The women have white lilies and aboli flowers in their hair, and red badges pinned to their red, blue, green and crimson sarees. Their colours light up a quiet Tuesday afternoon this week at Dahanu Road station's platform 3. They are waiting for a train amid various other commuters, among them students travelling nearly a 100 kilometres to the south to Mumbai and workers going to factories a few kilometres to the north in towns such as Umbergaon.
The women, all farmers from the Warli Adivasi community, will soon be joined by other groups of women and men from across Dahanu taluka of Palghar district in Maharashtra.
They are all going to Delhi, to participate in the march to Parliament on November 29-30 called by the All India Kisan Sangharsh Coordination Committee. The committee is an umbrella organisation of around 200 farmers’ groups from across the country, among them the All India Kisan Sabha (AIKS). The Adivasi farmers waiting at Dahanu station are members of the AIKS. Their demands include a three-week special session of Parliament focused on the agrarian crisis, including three days of discussion on the specific demands of women farmers.
What are some of the elements of the agrarian crisis for the Adivasi women farmers?"All our rice died," says Meena Barse Kom. "We have no other source of water except rain. If there is no rain, then how can the rice survive?" Meena is from Dhamangaon village in Dahanu taluka. Palghar district is reeling under a severe drought, but Meena and the other women – all of them rice farmers who have lost their crop to drought this season – say that the government has not brought in any relief measures so far.
"I barely get a yield of five sacks of rice of a 100 kilos per goni [sack], but that is insufficient for the entire year for the family," says Hiru Vasant Babar, 32. Her husband is unwell and cannot work. She has three sons who don't go to school.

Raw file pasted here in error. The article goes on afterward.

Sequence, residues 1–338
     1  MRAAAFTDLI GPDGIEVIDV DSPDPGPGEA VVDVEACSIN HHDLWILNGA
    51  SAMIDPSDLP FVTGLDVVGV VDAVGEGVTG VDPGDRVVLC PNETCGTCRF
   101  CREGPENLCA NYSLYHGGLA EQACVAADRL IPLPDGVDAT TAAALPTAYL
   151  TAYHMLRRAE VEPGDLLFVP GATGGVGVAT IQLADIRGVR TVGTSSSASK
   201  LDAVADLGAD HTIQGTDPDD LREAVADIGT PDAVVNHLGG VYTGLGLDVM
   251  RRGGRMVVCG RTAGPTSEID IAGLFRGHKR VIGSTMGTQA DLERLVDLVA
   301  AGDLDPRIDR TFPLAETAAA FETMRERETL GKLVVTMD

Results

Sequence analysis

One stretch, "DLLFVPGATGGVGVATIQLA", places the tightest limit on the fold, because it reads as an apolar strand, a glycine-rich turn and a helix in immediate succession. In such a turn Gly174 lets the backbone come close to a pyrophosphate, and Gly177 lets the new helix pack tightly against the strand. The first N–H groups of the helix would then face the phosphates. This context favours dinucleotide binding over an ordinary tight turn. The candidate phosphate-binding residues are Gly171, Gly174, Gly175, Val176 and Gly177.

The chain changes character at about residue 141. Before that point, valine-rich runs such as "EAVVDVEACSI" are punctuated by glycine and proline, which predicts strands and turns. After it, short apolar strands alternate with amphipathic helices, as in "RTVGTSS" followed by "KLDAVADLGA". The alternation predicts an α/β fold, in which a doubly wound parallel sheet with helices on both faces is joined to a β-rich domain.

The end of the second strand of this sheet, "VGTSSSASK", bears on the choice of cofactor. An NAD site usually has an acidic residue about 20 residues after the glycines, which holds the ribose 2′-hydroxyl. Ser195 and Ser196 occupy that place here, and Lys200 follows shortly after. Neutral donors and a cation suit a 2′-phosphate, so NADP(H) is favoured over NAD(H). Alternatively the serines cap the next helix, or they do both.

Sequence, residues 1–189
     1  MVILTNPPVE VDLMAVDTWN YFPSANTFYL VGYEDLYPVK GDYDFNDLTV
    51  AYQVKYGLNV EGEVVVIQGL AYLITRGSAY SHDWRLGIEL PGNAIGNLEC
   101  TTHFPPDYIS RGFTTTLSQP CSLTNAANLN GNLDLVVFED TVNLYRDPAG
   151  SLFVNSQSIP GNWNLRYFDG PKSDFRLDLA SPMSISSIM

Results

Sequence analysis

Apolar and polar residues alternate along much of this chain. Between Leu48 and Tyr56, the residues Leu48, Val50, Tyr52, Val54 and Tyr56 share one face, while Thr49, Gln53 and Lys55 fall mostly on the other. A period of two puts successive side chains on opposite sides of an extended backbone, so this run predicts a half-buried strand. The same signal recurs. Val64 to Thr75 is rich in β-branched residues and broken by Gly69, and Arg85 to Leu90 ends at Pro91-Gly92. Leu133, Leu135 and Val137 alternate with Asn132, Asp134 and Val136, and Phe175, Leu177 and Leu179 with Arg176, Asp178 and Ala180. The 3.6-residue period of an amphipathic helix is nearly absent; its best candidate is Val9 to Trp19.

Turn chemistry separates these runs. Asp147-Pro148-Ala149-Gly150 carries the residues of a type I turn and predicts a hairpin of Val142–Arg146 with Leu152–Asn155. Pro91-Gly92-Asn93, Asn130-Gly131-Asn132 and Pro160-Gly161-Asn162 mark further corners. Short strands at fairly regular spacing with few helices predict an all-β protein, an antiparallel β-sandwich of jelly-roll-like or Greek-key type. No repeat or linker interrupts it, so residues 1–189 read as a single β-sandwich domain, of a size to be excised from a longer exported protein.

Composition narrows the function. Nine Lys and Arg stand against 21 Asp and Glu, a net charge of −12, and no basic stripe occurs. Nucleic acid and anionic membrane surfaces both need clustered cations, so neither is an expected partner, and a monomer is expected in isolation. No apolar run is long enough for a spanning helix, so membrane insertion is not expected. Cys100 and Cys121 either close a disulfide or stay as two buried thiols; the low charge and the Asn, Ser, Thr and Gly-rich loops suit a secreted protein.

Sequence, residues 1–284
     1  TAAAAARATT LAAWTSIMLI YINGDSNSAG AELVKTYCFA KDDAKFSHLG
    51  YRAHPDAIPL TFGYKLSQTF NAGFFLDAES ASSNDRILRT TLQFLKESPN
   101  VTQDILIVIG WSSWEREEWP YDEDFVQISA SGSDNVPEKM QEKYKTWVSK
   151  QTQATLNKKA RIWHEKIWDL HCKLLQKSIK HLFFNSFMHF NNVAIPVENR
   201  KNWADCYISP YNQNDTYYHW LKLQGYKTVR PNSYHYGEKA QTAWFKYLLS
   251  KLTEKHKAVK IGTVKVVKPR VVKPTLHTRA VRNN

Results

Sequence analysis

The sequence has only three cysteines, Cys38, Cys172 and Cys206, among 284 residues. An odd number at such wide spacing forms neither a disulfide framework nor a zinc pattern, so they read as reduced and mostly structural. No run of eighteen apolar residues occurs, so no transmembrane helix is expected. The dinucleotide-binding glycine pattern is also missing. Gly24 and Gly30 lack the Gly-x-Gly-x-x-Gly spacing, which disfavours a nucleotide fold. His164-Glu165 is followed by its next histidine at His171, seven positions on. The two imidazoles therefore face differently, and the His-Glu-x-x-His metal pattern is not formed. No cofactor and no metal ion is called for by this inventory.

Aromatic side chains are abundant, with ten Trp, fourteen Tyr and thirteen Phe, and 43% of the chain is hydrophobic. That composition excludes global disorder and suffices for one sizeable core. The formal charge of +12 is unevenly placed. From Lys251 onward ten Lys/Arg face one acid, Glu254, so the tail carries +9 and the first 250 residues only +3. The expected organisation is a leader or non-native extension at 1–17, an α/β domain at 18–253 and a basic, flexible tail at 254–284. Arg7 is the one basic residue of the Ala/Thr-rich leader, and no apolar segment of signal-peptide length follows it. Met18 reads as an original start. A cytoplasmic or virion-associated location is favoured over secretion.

Meena’s two daughters have also dropped out of school. "There wasn't enough money even to buy clothes for them,” she says. “They couldn't continue school.” Her son and husband work as labourers on a ship. They are away for months, sometimes as long as nine months. She runs the house on the modest income that they bring and on the five-acre plot that her husband's family cultivates as tillers.
The rice and jowar that she grows on her land is not enough to feed her family. She relies on the 10 kilos of rice, 1 kilo sugar, 1 kilo dal and 10 kilos of wheat that the family gets at the subsidised ration shops. "This is not enough. There are cartels of agents who sell off our ration food, and it never reaches us. How can a family of seven survive on this?"
With the failure of the rice crop this year and the insufficient rations, Meena, Hiru and the other women are finding it difficult to feed their families.
Hiru, like the other farmers at the station that day, owns very little land, and the family’s plots are usually on their husbands’ or fathers’ names. "Adivasis have very small plots in Palghar, just one to five acres. They are always under threat of being displaced or their plots usurped. These are lands that they got as tillers under the Land Ceiling Act or forest plots they have occupied as traditional cultivators, which rightfully belong to them under Forest Rights Act," says Chandrakant Ghorkana, the Kisan Sabha’s Palghar district secretary, who is leading the Dahanu contingent to Delhi.
"Unless we stay together and look out for each other, our lands are going to be taken away. In the past, the erstwhile landlords had tried all sorts of ways to get Warlis off the lands that were legally theirs. This includes getting release deeds signed under false pretences and sheer intimidation. This does not work but today, they use other means to scare us out of our lands. It is a constant struggle."
This is why farmers like Neelam Prakash Ravte have answered the Kisan Sabha’s every call to march for their rights, despite the long duration away from their families and farms. Neelam is from Zarali hamlet in Dahanu; her husband Prakash works in Surat, and they have three children. "When I had gone for the Long March from Nashik to Mumbai [in March 2018], I was away for nearly a week,” she says. “My youngest fell ill. We were talking on phone and he kept calling me back home. He got well as soon as I got back. This time he refused to let my bag go. He started hiding my things so that I don't go."
Then why do you march every time? "We have to. If we don't keep up our struggle, we will lose our lands. It is for my children's future that I march. We will keep marching until all our demands are met."